Doctor Stoner came around once each month to check on a select handful of patients of which I was one. Each visit was the same, he would ask a few questions, compliment on how well we were doing, write prescriptions and tell us we'd be going home soon. Hell, for all any of us knew he could have been a hologram playing the same loop month after month.
As for going home, those of us who saw Dr Stoner referred to him as Dr Stonewall. Any patient who was assigned to Dr Stonewall was up against a stone wall when it came to getting a visa to leave Asylumland. Of the dozen or so patients who were assigned Dr Stoner, none ever left the asylum. Other patients assigned to other shrinks came and went usually in just a few weeks, months at the most, but patients assigned to Dr James B Stoner never walked outside the borders of Asylumland.
One day while walking the grounds I came upon a small Honda motorcycle parked in an alcove beside the building. It looked as if it had been abandoned, tires low, weather-beaten and covered in dust and leaves. But the keys were in it and the tank almost full of gas so I decided to see if it might start.
Of course it wouldn't, the battery was too low from sitting up to spin the electric starter or even spark the coils on the tiny twin cylinder engine when kicking the engine over but the lights on the instrument console still lit up so there was hope. I raised the seat, found the standard issue Honda tool kit and removed the battery.
I took the battery back to my room and hid it there knowing it might be a few days before I could get the means to charge it-- a battery from one of the asylum ambulances and two pieces of copper wire. In the meantime I went back to the Honda, cleaned, filed and set the points and plugs, and removed the float bowls from the carbs so I could blow out the jets and adjust the float heights.
After the battery was charged I smuggled the ambulance battery back into the ambulance hoping they hadn't noticed it missing as keeping a charged battery on a motorcycle I couldn't ride on a daily basis would require me to continually go back to the well. Maybe, with a little luck I could manage to steal a wall wart from someone's office machine and use that as a battery charger via the one electrical outlet in my room but until then "borrowing" ambulance batteries would have to do.
If nothing else, being locked away in an asylum teaches you patience. At home I would have had the Honda running in just hours. In Asylumland it took over a month to get everything worked out and in its place. For example: the next step required that I wait a week for just the right careless orderly to come back to work after their shifts finally rotated back around.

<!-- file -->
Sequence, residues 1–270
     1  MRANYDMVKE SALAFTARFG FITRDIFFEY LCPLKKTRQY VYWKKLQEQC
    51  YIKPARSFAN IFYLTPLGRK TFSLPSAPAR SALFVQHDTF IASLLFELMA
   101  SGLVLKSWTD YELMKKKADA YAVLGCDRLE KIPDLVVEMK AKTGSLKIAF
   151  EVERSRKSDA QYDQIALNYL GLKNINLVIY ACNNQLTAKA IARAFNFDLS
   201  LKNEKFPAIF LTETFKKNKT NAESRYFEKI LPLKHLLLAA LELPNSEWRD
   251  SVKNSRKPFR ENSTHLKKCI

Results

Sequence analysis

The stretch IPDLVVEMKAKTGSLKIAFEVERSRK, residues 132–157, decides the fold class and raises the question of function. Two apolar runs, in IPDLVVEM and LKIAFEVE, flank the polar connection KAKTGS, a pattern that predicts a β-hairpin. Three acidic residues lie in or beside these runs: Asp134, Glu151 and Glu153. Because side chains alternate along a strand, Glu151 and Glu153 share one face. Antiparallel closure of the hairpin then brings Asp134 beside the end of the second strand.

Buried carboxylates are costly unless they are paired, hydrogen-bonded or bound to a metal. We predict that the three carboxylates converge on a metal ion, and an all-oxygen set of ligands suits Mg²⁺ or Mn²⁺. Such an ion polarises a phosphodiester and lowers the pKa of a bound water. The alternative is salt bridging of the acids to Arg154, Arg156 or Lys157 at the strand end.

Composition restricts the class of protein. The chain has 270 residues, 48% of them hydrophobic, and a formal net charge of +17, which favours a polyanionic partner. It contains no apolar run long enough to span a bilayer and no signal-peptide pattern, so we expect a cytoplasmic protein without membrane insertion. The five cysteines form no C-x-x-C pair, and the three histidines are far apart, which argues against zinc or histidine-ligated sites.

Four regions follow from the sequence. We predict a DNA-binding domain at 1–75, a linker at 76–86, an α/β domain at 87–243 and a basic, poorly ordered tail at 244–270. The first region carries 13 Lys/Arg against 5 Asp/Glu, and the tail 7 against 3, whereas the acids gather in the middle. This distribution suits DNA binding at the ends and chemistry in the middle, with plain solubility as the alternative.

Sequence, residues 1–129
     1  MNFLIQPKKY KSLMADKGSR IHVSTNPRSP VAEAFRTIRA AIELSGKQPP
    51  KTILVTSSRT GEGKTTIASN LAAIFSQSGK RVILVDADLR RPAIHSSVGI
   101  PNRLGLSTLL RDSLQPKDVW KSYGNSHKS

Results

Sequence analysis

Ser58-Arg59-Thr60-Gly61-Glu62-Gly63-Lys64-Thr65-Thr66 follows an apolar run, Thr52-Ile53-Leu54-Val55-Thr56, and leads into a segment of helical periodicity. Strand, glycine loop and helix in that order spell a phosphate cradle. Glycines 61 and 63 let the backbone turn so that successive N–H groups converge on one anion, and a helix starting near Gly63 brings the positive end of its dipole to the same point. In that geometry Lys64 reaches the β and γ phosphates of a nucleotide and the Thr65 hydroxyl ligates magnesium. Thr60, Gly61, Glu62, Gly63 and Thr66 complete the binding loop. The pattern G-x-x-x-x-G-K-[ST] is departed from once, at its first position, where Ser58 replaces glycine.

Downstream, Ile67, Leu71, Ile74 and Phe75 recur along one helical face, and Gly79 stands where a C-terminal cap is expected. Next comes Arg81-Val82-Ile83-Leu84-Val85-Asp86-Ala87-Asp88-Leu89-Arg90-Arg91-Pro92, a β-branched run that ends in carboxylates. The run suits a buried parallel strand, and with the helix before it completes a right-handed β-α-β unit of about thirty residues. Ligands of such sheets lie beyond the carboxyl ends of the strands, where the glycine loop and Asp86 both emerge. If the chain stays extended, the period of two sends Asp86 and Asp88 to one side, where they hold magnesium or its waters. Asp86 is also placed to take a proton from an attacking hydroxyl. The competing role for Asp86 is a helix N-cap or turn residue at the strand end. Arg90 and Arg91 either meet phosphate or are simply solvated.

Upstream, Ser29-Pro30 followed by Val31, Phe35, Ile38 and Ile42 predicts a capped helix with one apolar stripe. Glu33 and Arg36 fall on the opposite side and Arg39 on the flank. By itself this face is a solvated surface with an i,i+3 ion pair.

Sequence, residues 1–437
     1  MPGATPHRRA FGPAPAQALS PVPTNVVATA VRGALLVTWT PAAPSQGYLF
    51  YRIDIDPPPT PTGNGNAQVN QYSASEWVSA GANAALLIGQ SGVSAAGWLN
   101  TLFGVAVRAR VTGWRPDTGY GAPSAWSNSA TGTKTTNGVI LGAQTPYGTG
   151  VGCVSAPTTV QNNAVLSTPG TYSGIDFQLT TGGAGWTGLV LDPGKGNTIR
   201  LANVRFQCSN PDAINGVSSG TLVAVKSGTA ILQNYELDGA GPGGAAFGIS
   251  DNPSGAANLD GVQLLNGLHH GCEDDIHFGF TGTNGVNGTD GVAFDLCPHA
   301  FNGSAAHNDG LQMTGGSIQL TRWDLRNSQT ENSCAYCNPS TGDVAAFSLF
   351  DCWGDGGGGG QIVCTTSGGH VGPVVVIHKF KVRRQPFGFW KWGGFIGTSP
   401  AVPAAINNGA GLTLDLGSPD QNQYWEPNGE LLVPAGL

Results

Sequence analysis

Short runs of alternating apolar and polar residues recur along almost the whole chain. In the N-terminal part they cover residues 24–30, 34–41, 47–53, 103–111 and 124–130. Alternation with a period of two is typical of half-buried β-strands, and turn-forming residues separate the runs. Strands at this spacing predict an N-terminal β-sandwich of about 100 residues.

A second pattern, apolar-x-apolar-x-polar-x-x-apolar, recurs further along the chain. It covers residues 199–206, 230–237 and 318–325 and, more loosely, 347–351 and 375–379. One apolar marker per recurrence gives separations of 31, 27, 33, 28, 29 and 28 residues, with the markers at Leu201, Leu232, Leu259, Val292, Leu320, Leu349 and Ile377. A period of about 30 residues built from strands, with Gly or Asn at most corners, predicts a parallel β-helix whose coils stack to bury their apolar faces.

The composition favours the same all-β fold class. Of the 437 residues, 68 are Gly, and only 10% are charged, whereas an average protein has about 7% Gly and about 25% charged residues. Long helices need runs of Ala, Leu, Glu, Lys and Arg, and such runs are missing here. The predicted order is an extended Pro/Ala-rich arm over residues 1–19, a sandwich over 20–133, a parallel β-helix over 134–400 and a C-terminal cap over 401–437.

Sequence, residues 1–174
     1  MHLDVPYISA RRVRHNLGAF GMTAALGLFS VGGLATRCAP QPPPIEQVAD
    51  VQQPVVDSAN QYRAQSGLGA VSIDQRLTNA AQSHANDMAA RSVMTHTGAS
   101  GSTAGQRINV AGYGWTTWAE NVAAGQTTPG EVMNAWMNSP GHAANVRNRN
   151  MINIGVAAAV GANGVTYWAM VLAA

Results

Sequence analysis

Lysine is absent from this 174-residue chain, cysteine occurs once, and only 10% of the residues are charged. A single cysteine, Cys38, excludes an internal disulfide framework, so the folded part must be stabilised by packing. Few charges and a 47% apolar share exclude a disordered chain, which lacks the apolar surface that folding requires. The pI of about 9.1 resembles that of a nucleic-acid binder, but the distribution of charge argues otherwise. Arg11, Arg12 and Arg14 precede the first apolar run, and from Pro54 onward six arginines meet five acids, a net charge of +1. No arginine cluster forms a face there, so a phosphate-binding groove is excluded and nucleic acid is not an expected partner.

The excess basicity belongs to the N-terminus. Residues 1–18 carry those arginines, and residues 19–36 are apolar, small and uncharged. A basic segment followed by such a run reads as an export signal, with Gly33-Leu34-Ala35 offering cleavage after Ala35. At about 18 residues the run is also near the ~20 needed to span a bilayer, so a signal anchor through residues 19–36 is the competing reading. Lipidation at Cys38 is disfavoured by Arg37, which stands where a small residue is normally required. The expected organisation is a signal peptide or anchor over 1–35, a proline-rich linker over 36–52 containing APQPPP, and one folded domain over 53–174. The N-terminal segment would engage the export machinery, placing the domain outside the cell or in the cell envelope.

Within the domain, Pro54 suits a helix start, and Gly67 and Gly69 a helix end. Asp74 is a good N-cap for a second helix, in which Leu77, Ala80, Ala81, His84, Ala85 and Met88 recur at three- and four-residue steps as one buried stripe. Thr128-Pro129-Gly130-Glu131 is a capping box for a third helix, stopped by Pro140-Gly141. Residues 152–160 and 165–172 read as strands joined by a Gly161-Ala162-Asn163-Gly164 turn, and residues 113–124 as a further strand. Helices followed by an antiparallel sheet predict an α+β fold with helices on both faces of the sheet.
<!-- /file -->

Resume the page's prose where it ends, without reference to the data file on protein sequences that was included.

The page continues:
I knew I couldn't crank a motorcycle so close to the building without attracting attention and pushing it across the grounds in broad daylight would attract every bit as much attention. So I decided to stay outside until after dark then push the motorcycle across the grounds into the wooded area near the wall where during the day the noise of the trucks traveling along the highway on the outside of the wall would mask at least some of the noise of test firing and tuning the motorcycle engine. Wouldn't you know the temperature dropped down into the 30s that night causing me to almost freeze. But being cold kept me awake so I wasn't late for breakfast.
A few weeks later I went out only to find the keys were missing from the Honda. It only took a few days before rumors got back to me that one of the inmates, a guy who called himself, Freebird, had a motorcycle for sale for 100 bucks. That was okay as I still had the battery but just to be sure I broke off some pencil erasers and jammed them into the spark-plug caps before putting the caps back on the spark-plugs. It was never going to start.
It only took a few more days before someone ripped-off the battery from my room and soon after that we learned that Thor had paid Freebird the 100 bucks he was asking for the motorcycle. Even with keys, the battery and The Brain's help, Thor never managed to get the Honda to fire even one time. After a day of futile efforts a very angry Thor returned demanding Freebird return his money. "Hey Freebird," Thor shouted, "the Honda won't start."
"It started just fine for me," Freebird lied. "Are you sure you know how to ride motorcycles?"
"I know how to ride motorcycles just fine," Thor demanded. "Now give me my money back!"
"I sold you a perfectly running Honda," Freebird shouted. "I ain't giving you shit!"
Ten minutes later Freebird was in the back of an ambulance en-route to the nearest emergency room never to be seen in Asylumland again and Thor was under heavy sedation in a straightjacket headed for one of the wings those of us in the general population all hoped to avoid. We never saw Thor again either. The Brain would be the acting president at least until an election could be arranged or until the real government-- the institution management-- broke up our little charade.
I spotted the Honda keys on the floor, picked them up, put them in my pocket and returned to my room. As long as everyone thought the Honda could not not made to run it remained safe.